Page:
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This quote was posted to
a discussion list by Jess Nevins, a WN scholar. I’m using it to introduce the relationship between Wold-Newtonry and real scholarship. The pictures of
Rocambole and Napoleon III are just for illustration. I don’t have a copy of the drawing from the newspaper article that Jess quotes.
No academy--there are no institutions,
no central or formal journals, no authorities--anyone can
set up a website
No academics--I seem to be the only
academic and the only holder of advanced degrees, with the
exception of Win Eckert’s law degree
No formal understanding of the
conventions of academic discourse--most WN scholars are
courteous to one another and perform conventional
acknowledgement, but there are some who do not.
Shared norms--Typically, Farmer's work is respected and should not be contradicted lightly, but since Farmer's work is an interpretation of original texts (except for Farmer’s “An Interview with Lord Greystoke,” which can be viewed as a primary text) and since some of Farmer's theories are at odds with those texts, he can contradicted when textual evidence or research that indicates another, better interpretation.
occurs in communities in which scholars establish
their careers by navigating hierarchies of
status, prestige, and power. These hierarchies are embedded in long-standing networks of ranked credibility and legitimacy among schools, publishers, and journals.
Web-publishing has not developed enough
credibility and legitimacy to displace these
In Wold-Newtonry there are no such
hierarchies or networks. There is no money to be made in it, so since the creation of the Web there has been little or no paper publication, although there used to be fanzines in the 1960s and 1970s, and at the turn of the last century papers were read in colloquia.
outsourcing: In Some Unknown Members of the Wold-Newton Family
Tree, Jess Nevins claims to have found in the archives of the Historical
and Genealogical Museum of Brazoria County, Texas, three family albums of faded
photographs and a leather-bound diary by a person he refers
to as “MN” that contain a treasure trove of information about
the Wold Newton family. This diary is his primary source of
information for his articles, including for the claim that one Walter Carter was
John Carter’s nephew, the author of the framing devices in Edgar
Rice Burroughs’ Mars series. In writing
“Burroughing Beneath the Page: The Life of Matthew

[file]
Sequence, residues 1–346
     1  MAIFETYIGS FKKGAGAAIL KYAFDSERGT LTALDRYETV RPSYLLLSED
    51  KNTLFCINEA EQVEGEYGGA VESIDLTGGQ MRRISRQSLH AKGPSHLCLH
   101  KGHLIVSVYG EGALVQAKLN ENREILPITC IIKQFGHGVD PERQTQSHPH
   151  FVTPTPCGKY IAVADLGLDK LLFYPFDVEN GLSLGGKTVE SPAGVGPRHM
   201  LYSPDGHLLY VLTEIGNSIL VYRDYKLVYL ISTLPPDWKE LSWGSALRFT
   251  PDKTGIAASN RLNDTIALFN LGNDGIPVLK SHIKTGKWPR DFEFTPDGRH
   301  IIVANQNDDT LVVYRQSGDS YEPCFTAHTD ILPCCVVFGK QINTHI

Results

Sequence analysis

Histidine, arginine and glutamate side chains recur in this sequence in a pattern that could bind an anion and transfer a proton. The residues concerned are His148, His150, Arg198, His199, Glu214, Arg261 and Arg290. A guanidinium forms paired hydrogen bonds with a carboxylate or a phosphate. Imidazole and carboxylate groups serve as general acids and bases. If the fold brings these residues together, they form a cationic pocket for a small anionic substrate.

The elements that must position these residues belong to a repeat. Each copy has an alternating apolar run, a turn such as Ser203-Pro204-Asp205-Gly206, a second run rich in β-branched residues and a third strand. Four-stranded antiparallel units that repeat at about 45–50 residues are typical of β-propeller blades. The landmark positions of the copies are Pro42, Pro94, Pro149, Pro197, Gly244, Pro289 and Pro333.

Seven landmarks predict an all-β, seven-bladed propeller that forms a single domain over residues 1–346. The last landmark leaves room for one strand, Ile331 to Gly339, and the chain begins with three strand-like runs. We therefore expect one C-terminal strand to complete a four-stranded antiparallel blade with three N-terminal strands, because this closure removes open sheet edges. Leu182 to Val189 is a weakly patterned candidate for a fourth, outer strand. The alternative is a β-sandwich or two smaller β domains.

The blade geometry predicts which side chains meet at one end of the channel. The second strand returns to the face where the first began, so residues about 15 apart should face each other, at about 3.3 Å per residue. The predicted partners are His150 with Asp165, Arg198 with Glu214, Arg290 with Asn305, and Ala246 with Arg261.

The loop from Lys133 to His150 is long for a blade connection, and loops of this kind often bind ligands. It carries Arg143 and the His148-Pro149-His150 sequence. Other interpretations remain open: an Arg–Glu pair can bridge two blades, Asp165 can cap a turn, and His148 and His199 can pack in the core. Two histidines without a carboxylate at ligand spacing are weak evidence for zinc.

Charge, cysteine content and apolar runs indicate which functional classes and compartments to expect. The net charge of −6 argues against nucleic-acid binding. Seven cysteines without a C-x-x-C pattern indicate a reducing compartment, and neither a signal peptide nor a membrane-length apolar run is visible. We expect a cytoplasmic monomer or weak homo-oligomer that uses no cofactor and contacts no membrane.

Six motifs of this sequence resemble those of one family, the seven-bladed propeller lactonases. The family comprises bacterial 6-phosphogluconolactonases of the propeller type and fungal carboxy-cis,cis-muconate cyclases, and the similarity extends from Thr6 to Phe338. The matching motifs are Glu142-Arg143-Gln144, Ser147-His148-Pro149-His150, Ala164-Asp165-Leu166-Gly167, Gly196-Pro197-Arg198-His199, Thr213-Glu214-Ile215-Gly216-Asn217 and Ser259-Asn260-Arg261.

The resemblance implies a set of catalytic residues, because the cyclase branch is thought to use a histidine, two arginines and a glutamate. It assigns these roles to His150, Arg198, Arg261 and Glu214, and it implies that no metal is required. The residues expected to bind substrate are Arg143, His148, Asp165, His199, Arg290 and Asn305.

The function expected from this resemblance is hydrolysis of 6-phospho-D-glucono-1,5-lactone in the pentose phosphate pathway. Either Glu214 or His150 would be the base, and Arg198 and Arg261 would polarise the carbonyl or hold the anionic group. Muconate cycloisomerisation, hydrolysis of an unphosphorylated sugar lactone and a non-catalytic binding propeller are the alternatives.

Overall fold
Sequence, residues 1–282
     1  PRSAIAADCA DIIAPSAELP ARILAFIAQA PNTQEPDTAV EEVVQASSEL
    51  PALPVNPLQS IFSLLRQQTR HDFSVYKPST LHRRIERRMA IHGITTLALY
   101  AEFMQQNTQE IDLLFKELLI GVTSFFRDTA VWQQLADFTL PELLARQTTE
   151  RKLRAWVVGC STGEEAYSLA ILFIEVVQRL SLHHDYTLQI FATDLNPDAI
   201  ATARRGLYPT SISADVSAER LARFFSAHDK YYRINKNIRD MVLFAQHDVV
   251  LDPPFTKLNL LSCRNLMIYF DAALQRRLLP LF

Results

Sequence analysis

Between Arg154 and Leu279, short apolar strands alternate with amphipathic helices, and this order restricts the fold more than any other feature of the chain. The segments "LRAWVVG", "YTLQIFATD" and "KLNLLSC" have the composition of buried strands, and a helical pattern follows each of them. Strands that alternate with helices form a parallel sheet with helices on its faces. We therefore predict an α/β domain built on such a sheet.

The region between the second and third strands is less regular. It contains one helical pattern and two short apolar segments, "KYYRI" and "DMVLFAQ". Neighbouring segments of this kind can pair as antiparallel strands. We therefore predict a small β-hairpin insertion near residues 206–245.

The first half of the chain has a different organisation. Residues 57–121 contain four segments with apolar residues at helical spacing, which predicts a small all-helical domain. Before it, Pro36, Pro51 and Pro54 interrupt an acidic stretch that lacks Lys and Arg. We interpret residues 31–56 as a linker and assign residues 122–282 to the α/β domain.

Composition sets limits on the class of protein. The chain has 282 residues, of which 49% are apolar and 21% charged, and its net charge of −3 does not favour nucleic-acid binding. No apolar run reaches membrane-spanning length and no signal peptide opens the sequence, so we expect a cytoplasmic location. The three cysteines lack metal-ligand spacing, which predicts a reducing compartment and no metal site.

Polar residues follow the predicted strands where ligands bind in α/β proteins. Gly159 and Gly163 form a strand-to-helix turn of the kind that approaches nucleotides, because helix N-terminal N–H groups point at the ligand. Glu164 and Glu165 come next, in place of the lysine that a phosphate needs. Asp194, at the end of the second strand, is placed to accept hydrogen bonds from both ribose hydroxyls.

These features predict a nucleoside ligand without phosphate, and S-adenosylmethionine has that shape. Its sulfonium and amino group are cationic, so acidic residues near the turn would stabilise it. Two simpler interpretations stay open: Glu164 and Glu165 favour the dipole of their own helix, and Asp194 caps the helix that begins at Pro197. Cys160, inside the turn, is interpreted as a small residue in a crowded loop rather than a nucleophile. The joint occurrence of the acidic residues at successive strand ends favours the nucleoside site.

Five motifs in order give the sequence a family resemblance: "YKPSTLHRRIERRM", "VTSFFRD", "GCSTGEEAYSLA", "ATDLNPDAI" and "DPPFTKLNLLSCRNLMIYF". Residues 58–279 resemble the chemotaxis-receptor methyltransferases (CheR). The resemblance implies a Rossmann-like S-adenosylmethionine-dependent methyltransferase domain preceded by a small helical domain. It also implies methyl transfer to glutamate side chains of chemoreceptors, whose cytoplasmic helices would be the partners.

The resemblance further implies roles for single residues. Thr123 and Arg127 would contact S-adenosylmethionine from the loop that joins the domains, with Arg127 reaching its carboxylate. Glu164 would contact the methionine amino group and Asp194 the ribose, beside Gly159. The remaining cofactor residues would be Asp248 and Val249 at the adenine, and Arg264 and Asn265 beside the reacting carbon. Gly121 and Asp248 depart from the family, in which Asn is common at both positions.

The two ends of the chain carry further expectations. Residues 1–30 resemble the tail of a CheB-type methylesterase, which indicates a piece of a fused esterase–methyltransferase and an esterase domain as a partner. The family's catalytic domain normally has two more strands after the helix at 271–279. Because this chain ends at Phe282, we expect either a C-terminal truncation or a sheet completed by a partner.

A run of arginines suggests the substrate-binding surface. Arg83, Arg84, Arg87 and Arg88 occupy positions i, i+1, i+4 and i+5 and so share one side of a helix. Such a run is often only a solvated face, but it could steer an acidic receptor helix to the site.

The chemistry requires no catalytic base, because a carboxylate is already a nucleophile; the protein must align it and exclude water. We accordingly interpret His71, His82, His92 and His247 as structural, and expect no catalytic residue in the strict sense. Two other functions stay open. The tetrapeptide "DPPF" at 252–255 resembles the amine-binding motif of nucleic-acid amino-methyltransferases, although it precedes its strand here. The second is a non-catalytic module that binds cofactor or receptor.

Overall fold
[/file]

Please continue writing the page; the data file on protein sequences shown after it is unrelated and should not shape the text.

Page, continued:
Nicholas Carter,” I wanted to advance another
candidate and I discovered that Jess based his description
of the Carter nephew on only the first Mars trilogy. His conclusions
didn’t fit the published totality. So I
“outsourced” his diary by claiming that Matthew
Nicholas Carter created as gifts for family members
a series of “diaries” in which he recorded fictionalized histories of the large family, including photographs both genuine and unrelated
to the family; these latter he purchased at various
photography studios in the New York and
Richmond area and relabeled. I asserted
that Nevins’ source was one of these
diaries, and so his conclusions were mistaken.
Inventing sources: I
claim that my great-grandfather, Alan Francis Coogan, a
former vaudevillian and bar owner, was an agent of The Shadow
and connected him with the radio station and the pulp publishers
Street and Smith. Coogan died of
alcoholism in 1938, but I claim that he was poisoned--as the
Charlot was in 1935; Charlot was a young scriptwriter who is credited in histories of the radio show with creating the name
"The Shadow.” Because my great-grandfather gave his life in The
Shadow’s service, I am able to call upon his organization’s aid, which
gives me access to various restricted archives in which I find sources
that others have no access to. Dennis Power and I used these sources in
a series of articles on John Carter.
Misrepresent published work: In his hoax biography Tarzan Alive Farmer claims that Burroughs used
a form of coding to preserve the identities of the real people they wrote about, but
that the coding contains
clues that direct the diligent researcher through Burke’s Peerage and Extinct Peerage, and that anyone with enough
hard work can
follow the clues and track down Tarzan’s real identity, as Farmer claims to have done in his
interview with Lord Greystoke. WN
tried this with Burke’s
it doesn’t work.
Vandar Ang is a DC Comics
supervillain who was exposed to radiation from a meteor
and made immortal; he battles Superman and the Justice League. Kane is an anti-hero from a series of novels
by Karl Edward Wagner. In
prehistory (when Conan lived) he was cursed by an Elder God
with immortality. These two characters
have been conflated by WN scholars.
Dennis Power argues that the
Three Stooges are immortal, which is why their films show them living
in different time periods.
The same is true of Buzsla and
Ollu. This immortal pair have told
their stories to a number of writers, filmmakers, and
cartoonists, and so their stories have been represented in the
films of Laurel and Hardy, and Abbot and Costello; and in the
animated adventures of the Flintstones, and the comic
strip stories of Mutt and Jeff. Dennis
is not saying that Laurel and Hardy are immortal, but that
they have taken the stories of these two immortals as source
material over and over again.
The important thing about this
slide is that it shows how Dennis Power manipulated
the photograph to show what he wanted, including adding the
credit line to make it look legitimate.